But back to Rise.

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LET’S BE PERFECTLY CLEAR

Study: “Higher social class predicts increased unethical behavior” (Proceedings of the National Academy of Sciences – Jan. 26, 2012) (via Joseph E. Stiglitz)

“Secret Handshakes Greet Frat Brothers on Wall Street” (Bloomberg News – Dec. 22, 1013)
“Sigma Alpha Epsilon has sent almost 3,000 men into finance, according to resumes on LinkedIn, which shows no other industry employing more than 1,800…”

Jarvis Cocker – “Cunts Are Still Running the World” (2006 – featured in the film Children of Men)

Well did you hear, there’s a natural order
Those most deserving will end up with the most
That the cream cannot help but always rise up to the top
Well I say, “Shit floats”

If you thought things had changed
Friend, you’d better think again
Bluntly put, in the fewest of words:
Cunts are still running the world (x2)

Now the working classes are obsolete
They are surplus to society’s needs
So let ’em all kill each other
And get it made overseas.
That’s the word, don’t you know
From the guys that’s running the show
Let’s be perfectly clear boys and girls,
Cunts are still running the world [Repeat: x 2]

Oh feed your children on crayfish and lobster tails,
Find a school near the top of the league
In theory I respect your right to exist
I will kill you if you move in next to me
Ah, it stinks, it sucks, it’s anthropologically unjust
Oh, but the takings are up by a third, oh so
Cunts are still running the world [Repeat: x 2]

The free market is perfectly natural
Do you think that I’m some kind of dummy?
It’s the ideal way to order the world
“Fuck the morals, does it make any money?”
And if you don’t like it, then leave
Or use your right to protest on the street.
Yeah use your right, but don’t imagine that it’s heard
Cunts are still running the world [Repeat: x 6]

"The mainstream is too strong. It's flowing too fast. These little jagged things go in there and they get smoothed off straight away."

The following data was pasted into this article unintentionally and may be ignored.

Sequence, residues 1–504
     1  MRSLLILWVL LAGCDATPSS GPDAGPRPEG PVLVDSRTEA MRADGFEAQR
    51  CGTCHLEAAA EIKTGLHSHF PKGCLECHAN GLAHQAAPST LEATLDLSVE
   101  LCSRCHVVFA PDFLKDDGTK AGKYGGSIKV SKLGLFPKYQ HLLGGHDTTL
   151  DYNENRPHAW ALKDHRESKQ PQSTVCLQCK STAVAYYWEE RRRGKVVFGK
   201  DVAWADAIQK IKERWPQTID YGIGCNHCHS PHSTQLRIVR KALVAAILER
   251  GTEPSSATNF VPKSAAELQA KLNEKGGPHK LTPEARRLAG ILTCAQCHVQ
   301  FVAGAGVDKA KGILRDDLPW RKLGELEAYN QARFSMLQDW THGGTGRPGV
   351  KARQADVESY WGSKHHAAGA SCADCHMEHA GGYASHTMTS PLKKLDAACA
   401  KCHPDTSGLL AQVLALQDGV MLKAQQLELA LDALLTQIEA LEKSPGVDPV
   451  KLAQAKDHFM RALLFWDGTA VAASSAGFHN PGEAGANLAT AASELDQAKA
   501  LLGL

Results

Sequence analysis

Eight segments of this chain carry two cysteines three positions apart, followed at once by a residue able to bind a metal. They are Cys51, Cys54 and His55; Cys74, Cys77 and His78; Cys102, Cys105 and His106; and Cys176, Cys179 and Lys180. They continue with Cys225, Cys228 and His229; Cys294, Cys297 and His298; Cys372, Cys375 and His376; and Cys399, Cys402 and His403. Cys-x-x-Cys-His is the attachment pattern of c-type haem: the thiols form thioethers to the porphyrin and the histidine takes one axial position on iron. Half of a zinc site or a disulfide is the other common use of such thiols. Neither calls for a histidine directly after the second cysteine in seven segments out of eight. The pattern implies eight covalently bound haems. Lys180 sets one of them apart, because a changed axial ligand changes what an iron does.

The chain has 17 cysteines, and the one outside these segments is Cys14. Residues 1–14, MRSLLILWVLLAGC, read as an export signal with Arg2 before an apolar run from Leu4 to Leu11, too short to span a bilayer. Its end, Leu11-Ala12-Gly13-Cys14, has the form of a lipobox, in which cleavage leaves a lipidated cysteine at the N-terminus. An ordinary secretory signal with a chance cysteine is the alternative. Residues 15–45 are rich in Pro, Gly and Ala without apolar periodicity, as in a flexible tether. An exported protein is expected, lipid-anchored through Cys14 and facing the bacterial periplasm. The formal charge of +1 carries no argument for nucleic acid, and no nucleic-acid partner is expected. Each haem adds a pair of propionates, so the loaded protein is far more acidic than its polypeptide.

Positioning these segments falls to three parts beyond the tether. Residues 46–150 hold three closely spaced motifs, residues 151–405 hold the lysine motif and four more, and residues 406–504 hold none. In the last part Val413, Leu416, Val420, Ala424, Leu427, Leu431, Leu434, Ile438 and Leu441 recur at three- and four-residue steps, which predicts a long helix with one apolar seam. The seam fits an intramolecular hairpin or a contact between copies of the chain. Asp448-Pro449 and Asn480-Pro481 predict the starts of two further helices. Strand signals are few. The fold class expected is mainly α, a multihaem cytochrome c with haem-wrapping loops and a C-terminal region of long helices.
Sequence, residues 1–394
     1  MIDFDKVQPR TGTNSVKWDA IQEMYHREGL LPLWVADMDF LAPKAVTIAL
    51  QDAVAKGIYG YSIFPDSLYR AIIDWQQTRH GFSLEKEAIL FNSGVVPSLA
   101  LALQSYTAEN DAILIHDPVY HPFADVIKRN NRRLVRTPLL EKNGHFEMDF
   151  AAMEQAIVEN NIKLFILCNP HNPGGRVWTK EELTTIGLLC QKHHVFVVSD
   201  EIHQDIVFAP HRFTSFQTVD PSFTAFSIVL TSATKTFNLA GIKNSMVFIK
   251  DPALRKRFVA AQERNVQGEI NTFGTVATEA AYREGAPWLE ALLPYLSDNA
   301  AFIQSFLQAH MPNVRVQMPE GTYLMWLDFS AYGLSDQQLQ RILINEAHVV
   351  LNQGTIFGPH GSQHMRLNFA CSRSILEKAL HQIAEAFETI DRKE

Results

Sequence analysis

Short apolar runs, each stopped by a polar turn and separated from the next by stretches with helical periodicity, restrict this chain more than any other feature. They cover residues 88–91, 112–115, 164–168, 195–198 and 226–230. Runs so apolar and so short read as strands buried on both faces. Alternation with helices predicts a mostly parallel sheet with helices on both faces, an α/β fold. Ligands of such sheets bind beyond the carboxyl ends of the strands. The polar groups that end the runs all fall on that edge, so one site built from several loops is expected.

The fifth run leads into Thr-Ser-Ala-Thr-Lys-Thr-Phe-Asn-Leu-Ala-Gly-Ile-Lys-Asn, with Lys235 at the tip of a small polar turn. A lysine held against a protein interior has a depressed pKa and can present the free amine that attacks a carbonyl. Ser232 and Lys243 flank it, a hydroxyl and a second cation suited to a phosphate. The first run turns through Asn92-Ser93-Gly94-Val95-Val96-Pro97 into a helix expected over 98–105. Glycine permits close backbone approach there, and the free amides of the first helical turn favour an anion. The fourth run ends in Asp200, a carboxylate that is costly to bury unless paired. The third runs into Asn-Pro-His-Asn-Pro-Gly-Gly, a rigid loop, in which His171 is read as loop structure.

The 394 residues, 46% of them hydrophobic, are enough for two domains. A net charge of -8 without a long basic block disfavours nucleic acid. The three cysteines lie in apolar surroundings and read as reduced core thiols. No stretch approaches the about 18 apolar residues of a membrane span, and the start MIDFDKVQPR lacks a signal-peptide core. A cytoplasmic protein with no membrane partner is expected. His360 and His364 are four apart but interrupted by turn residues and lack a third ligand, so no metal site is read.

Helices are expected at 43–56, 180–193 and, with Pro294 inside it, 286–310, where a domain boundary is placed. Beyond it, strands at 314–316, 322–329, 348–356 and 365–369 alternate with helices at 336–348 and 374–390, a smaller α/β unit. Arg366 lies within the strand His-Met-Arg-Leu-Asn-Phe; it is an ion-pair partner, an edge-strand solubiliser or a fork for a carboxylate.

Jarvis Cocker profile in The Guardian:

Early on, [Cocker] says, he really did believe Britpop was a new dawn – not just musically, but politically. If the alternative, rather than the mass-produced, could be embraced by the mainstream in pop, maybe that would be the harbinger of social change. “I had high hopes that it would be some kind of revolution within English society. But I think the mainstream is too strong. It’s flowing too fast. These little jagged things go in there and they get smoothed off straight away.”

What kind of revolution had he envisaged? “What makes society and life interesting is diversity, so if something that embraced that diversity could be accepted in the mainstream that would mean mainstream society would be more open and accepting. And that’s what excited me about it. That that could happen.”

He says he’s always been a bit naive, and it was hardly the first time he had been pulled up short from his dreams. “I’m always going through these false dawns. It was the same the first time I went to a rave. I thought, this is fantastic, people are dancing all night, they’re all being friendly to each other, they’re not really drinking, it’s not about pulling birds or having a fight. And I thought, that’s got to have an impact on society. When they go home after being all loved up and talking to everybody and being really inclusive, how can that not have some knock-on effect in normal life? And yet it didn’t.” He smiles, baffled. “That was the last spontaneous youth thing. I can’t think of anything that’s not been stage managed since then.